Fr. Bedros Shetilian conducts Troy, N.Y., orchestra in Genocide commemoration

Fr. Bedros Shetilian conducts Troy, N.Y., orchestra in Genocide commemoration

Fr. Bedros Shetilian, a graduate of the St. Petersburg Conservatory, conducts the Troy Orchestra.

Troy, N.Y. – On the evening of April 25, the New York Capital District Armenian Genocide Committee hosted the 94th Commemoration of the Armenian Genocide. This year’s event was one of music featuring the Troy Orchestra under the direction of Fr. Bedros Shetilian. Fr. Bedros graduated from the St. Petersburg Conservatory in Russia. He has worked with internationally known orchestras like the St. Petersburg Philharmonic and the Moscow Chamber Orchestra and has toured several countries including England, Sweden, and Finland. Fr. Bedros is serving at Holy Cross Armenian Apostolic Church in Troy, New York, and St. Gregory the Illuminator Armenian Church in Springfield, Massachusetts.

Also featured in the evening performance was opera singer Chakee Kazangian, who sang “Karoon” and “Kele, Kele,” both by Gomidas, and “Ororotsayin” by Parsegh Ganachian. Ms. Kazangian started singing in the Armenian schools in Beirut. She moved to Australia and graduated from the Sydney Conservatory as an opera singer. As a member of the Sydney Opera Company, she sang several operas in the famous Sydney Opera House to both Armenian and American audiences. She has toured Armenia, Brazil, and Syria and has recorded two CDs. Ms. Kazangian presently resides in the Capital District and is choir director at Holy Cross Armenian Apostolic Church in Troy, where she is a dedicated volunteer.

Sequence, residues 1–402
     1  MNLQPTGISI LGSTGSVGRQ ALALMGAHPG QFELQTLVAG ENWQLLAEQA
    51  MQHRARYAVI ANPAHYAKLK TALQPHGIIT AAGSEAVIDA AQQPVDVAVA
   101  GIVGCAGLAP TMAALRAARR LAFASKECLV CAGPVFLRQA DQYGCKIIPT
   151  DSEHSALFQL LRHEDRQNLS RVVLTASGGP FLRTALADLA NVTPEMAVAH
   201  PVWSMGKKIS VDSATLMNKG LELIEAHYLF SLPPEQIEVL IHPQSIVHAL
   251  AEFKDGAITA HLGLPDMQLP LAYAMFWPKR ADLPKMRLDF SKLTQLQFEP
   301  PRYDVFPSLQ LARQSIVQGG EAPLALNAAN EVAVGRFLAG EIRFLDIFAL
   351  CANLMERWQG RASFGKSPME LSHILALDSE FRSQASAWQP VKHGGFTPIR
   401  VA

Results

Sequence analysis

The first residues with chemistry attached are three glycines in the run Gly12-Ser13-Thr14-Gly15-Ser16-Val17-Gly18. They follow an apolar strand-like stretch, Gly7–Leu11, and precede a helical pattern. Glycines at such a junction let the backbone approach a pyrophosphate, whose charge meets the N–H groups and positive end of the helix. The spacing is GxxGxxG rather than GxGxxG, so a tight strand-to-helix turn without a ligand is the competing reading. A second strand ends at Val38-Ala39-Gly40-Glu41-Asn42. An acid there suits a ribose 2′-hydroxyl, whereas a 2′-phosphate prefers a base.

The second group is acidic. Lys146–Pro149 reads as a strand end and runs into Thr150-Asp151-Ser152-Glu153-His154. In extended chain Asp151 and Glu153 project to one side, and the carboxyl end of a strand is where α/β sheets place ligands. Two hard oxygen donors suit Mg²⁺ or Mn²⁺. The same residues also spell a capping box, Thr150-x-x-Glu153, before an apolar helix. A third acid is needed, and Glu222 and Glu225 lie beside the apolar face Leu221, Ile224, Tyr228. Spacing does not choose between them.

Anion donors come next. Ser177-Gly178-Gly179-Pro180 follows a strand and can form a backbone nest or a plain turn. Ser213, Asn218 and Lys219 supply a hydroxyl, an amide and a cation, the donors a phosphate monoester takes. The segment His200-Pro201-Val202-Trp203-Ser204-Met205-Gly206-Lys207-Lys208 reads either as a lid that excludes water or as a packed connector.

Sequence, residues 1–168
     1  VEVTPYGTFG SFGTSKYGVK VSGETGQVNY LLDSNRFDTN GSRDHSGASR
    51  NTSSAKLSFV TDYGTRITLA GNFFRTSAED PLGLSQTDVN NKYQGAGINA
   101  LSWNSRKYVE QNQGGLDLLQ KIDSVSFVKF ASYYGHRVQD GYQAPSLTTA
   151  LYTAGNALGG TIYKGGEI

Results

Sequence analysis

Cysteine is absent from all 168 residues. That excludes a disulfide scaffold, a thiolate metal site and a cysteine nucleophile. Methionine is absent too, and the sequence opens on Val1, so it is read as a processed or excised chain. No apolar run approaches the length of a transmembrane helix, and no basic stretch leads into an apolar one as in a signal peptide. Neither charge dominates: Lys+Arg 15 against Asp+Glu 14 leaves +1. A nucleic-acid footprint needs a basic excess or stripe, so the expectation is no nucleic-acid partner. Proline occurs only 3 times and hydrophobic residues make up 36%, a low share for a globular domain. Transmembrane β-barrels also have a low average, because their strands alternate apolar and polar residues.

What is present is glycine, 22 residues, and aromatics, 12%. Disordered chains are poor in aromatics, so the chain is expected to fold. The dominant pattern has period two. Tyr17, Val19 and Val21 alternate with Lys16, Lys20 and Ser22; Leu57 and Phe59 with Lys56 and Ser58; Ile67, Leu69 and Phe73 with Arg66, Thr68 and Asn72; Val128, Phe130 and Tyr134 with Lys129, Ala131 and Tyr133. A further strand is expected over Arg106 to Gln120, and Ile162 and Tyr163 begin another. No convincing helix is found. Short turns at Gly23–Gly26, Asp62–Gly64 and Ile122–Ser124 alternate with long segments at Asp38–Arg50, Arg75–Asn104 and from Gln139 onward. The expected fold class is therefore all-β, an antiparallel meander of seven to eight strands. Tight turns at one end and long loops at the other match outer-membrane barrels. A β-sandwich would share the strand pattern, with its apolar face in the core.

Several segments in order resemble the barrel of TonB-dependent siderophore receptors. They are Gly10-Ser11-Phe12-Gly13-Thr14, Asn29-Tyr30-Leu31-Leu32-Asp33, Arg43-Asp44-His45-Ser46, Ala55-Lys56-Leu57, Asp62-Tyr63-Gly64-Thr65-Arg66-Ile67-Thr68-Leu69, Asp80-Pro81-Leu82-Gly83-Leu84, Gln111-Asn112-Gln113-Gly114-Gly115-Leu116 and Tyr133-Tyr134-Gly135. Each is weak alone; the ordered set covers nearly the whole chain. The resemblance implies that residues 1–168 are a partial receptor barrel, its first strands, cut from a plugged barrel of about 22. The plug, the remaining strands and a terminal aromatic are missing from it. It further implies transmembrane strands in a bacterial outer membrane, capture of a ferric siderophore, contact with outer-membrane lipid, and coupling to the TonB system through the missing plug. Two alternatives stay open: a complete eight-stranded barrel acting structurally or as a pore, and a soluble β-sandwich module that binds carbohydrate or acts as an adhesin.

A third feature was Melynda Matheke, an elementary music teacher in a local school district who is a flute virtuoso. Ms. Matheke performed J.S. Bach’s Orchestra Suite No 2 in B minor, for solo flute and chamber orchestra. Ms. Matheke graduated from the Crane School of Music at SUNY Potsdam.

All performers were extraordinary. The Troy Orchestra performed many songs including the five Armenian songs “Groong,” “Yerginken Amber,” “Keler Tsoler,” “Dzirani Dzar,” and “Etchmiadzin Dance.”